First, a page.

In December 1950, Jack Kerouac got a letter from his friend Neal Cassady, which recounted a wild weekend in Denver that included climbing out a window to escape the discovery of his affair with a babysitter. According to Kerouac, it was this letter that inspired him to write On the Road in the energetic, disruptive way he did. Also according to Kerouac, this famed epistle had probably been dropped off the side of a houseboat decades ago, never to be held or read ever again.
It turns out Kerouac was, happily, wrong.
The letter, discovered in Oakland—in a box of forgotten submissions to a publishing house—has been recovered in its entire 18 single-spaced pages. The woman who found the so-called "Joan Anderson letter" is putting it up for auction on Dec. 17, the same day it was dated by Cassady 64 years ago. "I never thought it would be discovered," says John Tytell, a American literature professor at Queens College. "And it’s a fluke that it was."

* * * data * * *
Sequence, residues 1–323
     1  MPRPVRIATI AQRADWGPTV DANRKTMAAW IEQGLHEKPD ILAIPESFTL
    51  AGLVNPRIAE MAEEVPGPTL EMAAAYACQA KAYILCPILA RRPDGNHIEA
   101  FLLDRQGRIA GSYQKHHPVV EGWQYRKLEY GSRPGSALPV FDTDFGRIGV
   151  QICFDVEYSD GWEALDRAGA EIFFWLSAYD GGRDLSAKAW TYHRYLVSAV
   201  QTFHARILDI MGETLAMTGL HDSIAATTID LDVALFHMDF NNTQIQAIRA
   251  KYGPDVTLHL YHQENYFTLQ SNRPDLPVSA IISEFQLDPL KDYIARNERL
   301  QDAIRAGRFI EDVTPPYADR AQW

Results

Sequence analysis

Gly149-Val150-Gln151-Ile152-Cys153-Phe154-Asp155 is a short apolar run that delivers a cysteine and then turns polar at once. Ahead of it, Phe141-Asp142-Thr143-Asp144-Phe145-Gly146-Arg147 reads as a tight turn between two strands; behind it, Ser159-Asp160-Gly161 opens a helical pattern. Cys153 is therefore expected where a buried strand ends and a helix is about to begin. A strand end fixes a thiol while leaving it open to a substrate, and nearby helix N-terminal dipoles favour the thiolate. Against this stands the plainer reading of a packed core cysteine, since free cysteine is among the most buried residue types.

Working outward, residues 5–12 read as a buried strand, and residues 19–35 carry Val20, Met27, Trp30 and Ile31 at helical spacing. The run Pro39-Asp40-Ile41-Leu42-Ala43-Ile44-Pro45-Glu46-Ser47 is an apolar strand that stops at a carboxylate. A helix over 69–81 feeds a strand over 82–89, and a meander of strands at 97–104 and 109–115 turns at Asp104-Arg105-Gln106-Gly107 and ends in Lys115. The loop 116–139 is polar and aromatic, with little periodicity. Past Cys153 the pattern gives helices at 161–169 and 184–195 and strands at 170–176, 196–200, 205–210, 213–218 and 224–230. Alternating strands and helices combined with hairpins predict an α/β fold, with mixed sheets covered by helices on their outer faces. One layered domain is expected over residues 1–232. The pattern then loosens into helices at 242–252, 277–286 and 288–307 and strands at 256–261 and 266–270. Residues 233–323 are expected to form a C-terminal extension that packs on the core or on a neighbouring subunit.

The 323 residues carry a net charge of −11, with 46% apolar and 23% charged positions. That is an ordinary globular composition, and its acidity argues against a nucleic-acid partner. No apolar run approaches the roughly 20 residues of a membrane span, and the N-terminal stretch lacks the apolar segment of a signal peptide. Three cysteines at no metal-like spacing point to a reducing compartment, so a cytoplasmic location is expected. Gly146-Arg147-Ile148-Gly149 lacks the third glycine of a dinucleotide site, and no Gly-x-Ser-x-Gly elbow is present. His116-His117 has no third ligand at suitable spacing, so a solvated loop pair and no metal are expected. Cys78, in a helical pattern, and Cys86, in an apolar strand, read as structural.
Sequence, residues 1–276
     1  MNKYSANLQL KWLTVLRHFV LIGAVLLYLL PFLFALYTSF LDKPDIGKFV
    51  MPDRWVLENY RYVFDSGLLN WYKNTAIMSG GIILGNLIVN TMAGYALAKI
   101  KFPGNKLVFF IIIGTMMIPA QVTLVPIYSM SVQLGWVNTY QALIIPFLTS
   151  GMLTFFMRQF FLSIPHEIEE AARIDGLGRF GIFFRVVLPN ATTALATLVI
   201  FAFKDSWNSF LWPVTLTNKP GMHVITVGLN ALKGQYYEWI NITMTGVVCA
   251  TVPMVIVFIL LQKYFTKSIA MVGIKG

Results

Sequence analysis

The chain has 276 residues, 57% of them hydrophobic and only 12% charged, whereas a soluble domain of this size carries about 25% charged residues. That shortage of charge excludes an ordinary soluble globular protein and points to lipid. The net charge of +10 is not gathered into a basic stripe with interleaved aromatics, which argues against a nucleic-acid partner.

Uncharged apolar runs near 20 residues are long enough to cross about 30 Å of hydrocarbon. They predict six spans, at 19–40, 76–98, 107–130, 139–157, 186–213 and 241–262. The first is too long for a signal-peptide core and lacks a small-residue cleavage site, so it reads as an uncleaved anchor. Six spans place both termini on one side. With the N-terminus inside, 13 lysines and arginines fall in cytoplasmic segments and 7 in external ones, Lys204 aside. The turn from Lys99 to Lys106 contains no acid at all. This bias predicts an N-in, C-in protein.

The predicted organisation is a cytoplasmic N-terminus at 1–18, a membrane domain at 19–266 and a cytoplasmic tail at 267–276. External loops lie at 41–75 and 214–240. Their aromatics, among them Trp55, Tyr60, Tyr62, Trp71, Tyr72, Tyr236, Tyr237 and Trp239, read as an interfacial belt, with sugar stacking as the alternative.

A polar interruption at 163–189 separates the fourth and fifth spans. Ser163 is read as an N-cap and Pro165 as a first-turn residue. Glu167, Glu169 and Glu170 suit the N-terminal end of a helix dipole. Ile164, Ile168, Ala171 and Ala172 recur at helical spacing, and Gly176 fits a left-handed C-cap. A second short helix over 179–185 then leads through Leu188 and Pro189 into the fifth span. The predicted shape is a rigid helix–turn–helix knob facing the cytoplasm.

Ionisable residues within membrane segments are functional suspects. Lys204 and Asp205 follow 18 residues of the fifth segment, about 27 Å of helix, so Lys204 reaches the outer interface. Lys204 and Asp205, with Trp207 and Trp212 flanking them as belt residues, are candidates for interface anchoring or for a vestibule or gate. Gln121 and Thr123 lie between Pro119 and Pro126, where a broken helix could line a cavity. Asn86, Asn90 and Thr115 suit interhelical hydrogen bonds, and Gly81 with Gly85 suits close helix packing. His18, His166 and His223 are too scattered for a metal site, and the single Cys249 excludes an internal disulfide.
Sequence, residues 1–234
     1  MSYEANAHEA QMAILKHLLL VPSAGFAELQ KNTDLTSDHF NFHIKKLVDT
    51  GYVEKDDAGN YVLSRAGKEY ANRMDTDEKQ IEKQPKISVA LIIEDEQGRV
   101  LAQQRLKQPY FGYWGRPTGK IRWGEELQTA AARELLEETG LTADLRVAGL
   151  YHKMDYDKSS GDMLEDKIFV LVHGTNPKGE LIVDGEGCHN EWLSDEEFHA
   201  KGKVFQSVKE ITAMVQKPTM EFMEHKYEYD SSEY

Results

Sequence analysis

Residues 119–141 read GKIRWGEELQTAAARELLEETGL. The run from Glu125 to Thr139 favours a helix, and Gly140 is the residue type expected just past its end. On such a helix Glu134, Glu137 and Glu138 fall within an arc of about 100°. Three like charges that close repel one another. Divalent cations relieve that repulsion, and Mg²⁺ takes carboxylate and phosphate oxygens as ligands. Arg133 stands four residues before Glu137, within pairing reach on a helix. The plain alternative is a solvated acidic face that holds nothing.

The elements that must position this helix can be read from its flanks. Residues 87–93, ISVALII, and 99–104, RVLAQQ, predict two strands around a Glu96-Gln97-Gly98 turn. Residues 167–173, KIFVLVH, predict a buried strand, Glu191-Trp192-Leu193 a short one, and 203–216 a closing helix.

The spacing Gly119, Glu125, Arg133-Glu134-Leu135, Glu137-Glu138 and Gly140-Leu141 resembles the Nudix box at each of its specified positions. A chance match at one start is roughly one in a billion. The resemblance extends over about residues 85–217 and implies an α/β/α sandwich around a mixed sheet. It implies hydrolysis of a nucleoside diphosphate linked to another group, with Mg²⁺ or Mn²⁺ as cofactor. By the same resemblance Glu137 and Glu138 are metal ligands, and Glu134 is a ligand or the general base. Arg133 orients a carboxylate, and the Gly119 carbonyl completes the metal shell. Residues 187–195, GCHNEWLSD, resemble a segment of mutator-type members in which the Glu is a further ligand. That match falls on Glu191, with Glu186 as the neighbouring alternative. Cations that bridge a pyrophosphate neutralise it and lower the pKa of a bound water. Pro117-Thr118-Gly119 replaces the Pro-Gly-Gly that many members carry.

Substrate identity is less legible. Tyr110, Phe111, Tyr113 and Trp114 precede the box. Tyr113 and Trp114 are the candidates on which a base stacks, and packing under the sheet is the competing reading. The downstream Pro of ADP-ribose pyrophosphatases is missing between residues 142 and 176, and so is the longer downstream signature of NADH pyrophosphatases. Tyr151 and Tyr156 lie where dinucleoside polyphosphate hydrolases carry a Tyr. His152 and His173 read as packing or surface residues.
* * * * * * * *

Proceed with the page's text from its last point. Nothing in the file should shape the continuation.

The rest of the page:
Jean Spinosa, a 41-year-old performance artist based in L.A., lost her father in 2011. Digging through his "hoarder-level" belongings in Oakland the next year, she came across several boxes he had inherited from a now defunct publisher called Golden Goose Press. Her father's music label had shared a small office with the man who ran Golden Goose, Richard Emerson. One day, she says, Emerson decided to close up shop and announced his intention to throw everything out, including boxes full of unopened poems and letters sent in by hopeful authors.
“He just didn’t care. He was going to throw it in the trash," Spinosa tells TIME, speaking at the Beat Museum in San Francisco, where the entire letter was displayed on Dec. 1 for the first time since its discovery was made public in November. "And my dad, being a little bit of a hoarder that he was, said ‘Those are poems. Why would you throw out anyone’s poems?’” Emerson told him he was free to keep them, and he did.